“It can be used to talk with people around the world, which would be useful for languages, and you can explore and interact with different places. You could use it to teach basic skills or explore relevant places from around the world. You can also use it for classroom bonding, to make people more comfortable at the beginning of the semester.”

The KnowledgeLab Vive is open for student use during Joce Kofke’s hours – Tuesday/Thursday 12-2pm and Friday 1-3pm – or by appointment by emailing

GAP Playthrough: Gone Home

GAP Playthrough: Gone Home

On Friday, February 9th, GAP (the Gaming Archives Project) had its first playthrough event of the semester. We played Gone Home, a single player walking simulator game, all the way through from start to finish. Gone Home is told through the perspective of Katie, who just got back from being abroad and comes home to a deserted house, her family nowhere to be found. Set in the 90’s, before cellphones, Katie must search around the house for clues and read letters from her sister to find out where they are and what happened while she was gone.

Only one controller was in use during our playthrough as it is a single player game, but our player often read the notes and messages aloud for the entire room as Katie picked them up, and took input from others on where in the house we wanted to explore. Though only one person had the controls, it felt like a collective interactive experience, a bit like watching a film unfold in front of you, but having agency in what and how things happen.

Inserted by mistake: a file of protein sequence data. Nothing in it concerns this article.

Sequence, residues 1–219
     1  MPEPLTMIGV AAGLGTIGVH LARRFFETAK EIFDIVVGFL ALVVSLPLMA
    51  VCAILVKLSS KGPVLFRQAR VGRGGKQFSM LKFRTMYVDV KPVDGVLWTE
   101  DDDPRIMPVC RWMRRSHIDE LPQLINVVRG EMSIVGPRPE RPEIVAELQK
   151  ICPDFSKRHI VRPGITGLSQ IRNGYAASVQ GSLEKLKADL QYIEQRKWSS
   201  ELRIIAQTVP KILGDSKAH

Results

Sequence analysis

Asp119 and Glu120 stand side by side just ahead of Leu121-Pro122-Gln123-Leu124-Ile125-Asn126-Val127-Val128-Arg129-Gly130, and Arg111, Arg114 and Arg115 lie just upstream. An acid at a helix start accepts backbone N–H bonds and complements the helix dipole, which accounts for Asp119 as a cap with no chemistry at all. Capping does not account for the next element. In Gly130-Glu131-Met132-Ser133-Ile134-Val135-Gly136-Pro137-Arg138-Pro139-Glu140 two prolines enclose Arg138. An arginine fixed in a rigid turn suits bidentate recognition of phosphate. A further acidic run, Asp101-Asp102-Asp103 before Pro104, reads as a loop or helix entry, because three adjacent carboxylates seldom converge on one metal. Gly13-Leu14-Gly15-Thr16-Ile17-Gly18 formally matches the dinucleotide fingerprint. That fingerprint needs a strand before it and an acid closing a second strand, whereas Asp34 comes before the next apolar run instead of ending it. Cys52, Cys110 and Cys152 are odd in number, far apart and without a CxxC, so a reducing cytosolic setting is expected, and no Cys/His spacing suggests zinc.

After finishing the game, there was a brief discussion about our thoughts on the design and the narrative. We talked about how the setting leads us to believe it is a horror game since it is set in an enormous mansion during a thunderstorm, and we have to turn on the lights as we enter each new dark and spooky room. For this reason, it was fun to play in a group rather than alone. We also compared it to What Remains of Edith Finch, a similar game that has more interactive minigames as the player advances through the narrative. Some people liked this better than Gone Home, which is strictly narrative without any flashback to the past or cut to the the events Katie’s sister describes in her letters.